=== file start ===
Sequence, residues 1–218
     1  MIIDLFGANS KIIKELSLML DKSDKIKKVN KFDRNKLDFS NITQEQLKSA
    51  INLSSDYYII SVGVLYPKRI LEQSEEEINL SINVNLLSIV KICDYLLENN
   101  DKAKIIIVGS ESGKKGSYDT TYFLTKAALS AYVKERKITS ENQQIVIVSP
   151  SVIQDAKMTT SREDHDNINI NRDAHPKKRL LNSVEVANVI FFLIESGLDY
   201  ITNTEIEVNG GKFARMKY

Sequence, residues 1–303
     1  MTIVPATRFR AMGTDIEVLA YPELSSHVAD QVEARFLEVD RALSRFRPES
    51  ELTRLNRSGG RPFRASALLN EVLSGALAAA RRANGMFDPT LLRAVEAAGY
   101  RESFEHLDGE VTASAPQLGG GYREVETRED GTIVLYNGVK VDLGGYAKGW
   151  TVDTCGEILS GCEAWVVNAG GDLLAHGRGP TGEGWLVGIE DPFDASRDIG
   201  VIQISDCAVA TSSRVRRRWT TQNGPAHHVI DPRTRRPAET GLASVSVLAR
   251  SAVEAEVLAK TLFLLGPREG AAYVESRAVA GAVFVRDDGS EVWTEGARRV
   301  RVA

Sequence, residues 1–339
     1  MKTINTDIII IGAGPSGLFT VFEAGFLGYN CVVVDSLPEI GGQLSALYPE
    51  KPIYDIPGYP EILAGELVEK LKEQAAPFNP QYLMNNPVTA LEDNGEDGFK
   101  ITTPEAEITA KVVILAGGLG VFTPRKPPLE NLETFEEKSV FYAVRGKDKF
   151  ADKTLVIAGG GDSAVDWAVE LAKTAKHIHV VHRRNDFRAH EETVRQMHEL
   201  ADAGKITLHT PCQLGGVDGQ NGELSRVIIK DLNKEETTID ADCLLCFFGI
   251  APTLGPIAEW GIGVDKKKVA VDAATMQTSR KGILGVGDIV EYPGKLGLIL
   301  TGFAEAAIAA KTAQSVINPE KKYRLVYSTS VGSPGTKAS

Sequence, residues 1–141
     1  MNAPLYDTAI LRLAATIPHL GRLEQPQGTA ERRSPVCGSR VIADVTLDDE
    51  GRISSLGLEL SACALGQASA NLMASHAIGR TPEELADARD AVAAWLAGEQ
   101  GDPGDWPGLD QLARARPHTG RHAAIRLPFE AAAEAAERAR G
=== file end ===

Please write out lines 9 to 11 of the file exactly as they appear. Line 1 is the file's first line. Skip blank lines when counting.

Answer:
    51  ELTRLNRSGG RPFRASALLN EVLSGALAAA RRANGMFDPT LLRAVEAAGY
   101  RESFEHLDGE VTASAPQLGG GYREVETRED GTIVLYNGVK VDLGGYAKGW
   151  TVDTCGEILS GCEAWVVNAG GDLLAHGRGP TGEGWLVGIE DPFDASRDIG